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As we all know there are no live gigs taking place in the immediate future. However, any links to jazz streaming that are deemed suitable - i.e. with a professional approach - will be considered for posting.

Wednesday, June 15, 2016

Dominic J Marshall Trio @ The Jazz Café. June 14

Dominic J Marshall (piano, synth, programming), Sam Vicary (electric bass) & Sam Gardner (drums)
(Review by Russell/Photo courtesy of Mike Tilley)
Leeds College of Music alumni gigging regularly in a number of bands, home and abroad – pianist Dominic J Marshall and the two Sams, bassist Vicary, drummer Gardner – a gig at Newcastle’s Jazz Café the latest stop on a short British tour. Marshall juggles two trios, one in Holland where he currently resides, and this fine British trio, formed as students in their college days.
The trio set up in the downstairs bar café with Marshall content to play the house upright. A portable synth and associated technical hardware was assembled with the minimum of fuss, and with bassist Vicary travelling with his five string electric and Gardner happy to make use of the in-house Gretsch kit, the boys were on the road hand luggage-style.
All of the tunes heard on the night were Marshall’s from his latest album The Triolithic. Leaves Dance opened the programme, Fictions followed and it became clear that this was a piano jazz trio of the 21st century. Acoustic piano playing referenced Bill Evans and an   earlier generation of piano masters, synth sounds (Marshall’s left hand crossing over) put matters into context; drum ‘n’ bass, hip hop, retro kitsch. Effective programming added a social commentary – children’s voices heard on the West Bank in Free Palestine. Middle Eastern rhythms, the connection made with the Millennial generation; jazz, protest, Scott Heron’s assertion adapted, amended, the social media revolution is being communicated. The Jazz Café’s audience – every last one of them – did themselves proud. Many twenty-somethings listened intently, they ‘got it’, no problem. Sam Gardner is a musician (cue a barrage of drummer jokes!) of the highest order; musical, an infinite flow of ideas, razor sharp in response, fearless in redirecting the flow, shaping the sound, a master class.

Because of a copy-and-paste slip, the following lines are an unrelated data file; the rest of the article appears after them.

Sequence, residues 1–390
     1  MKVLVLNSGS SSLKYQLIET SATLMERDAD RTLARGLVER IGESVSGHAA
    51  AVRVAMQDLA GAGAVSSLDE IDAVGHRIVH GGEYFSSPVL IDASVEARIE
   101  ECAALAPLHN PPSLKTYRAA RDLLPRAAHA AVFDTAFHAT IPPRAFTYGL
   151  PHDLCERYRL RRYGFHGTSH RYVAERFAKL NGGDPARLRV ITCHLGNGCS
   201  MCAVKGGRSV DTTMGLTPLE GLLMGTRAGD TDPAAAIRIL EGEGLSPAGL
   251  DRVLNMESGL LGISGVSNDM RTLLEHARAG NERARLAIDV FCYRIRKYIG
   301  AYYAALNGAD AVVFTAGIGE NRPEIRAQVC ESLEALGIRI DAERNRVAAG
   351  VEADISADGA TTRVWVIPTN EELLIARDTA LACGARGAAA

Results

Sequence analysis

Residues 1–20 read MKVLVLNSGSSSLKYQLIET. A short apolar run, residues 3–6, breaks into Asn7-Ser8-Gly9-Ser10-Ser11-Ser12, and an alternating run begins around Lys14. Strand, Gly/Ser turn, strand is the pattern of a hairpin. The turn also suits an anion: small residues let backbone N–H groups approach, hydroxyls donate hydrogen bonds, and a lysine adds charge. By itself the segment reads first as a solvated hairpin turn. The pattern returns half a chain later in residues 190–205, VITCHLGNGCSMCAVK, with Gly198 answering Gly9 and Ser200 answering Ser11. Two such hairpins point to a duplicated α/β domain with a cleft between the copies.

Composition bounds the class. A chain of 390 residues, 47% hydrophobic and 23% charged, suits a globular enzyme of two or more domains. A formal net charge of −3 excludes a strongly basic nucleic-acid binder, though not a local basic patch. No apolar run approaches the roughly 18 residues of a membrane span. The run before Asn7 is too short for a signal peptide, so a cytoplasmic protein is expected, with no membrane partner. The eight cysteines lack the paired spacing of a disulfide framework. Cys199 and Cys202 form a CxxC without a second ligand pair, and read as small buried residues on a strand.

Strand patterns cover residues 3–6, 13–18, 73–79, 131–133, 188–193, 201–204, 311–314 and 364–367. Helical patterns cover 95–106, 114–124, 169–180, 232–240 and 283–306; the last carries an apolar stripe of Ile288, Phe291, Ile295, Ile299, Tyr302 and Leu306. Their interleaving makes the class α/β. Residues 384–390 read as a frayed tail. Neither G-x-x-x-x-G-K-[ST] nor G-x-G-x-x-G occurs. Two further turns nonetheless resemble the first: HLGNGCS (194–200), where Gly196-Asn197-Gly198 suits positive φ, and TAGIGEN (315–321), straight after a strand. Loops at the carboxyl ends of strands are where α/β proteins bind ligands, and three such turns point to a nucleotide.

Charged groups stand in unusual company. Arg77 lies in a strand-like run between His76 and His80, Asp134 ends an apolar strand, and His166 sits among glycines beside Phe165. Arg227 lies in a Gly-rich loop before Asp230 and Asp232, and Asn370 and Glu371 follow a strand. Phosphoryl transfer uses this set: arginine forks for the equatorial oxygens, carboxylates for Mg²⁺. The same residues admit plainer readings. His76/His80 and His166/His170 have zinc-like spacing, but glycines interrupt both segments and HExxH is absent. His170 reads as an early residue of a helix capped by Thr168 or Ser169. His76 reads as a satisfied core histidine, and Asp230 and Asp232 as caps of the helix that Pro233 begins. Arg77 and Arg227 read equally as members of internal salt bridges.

A good vibe in the Jazz Café tonight, those present were there to listen. The bar staff too listened – what they made of it all is another matter! A leisurely interval, the trio an easy going sort.

Marshall began the second set in observational, reflective mood. First Family Chronicles, then 80 Campbell Road (the pianist’s childhood home). The trio’s 21st century groove is as it should be – of its time, yet the effortless switching to elegant, swing time sections is truly the preserve of the schooled musician as heard on Windermere. A subsequent debate between musicians and audience about the merits of Ullswater and other Lakeland waters exemplified the immediate connection made on the night.

The interface of programming and overlays with straight ahead swing was something else on Ptah’s Vibration! Rahsaan, Sun Ra, Soweto Kinch, Strigalev, Dominic J Marshall. An excellent gig concluded with Blue Lotus. The Dominic J Marshall Trio made new friends at the Jazz Café. A return visit? Yes, please!
Russell.                      

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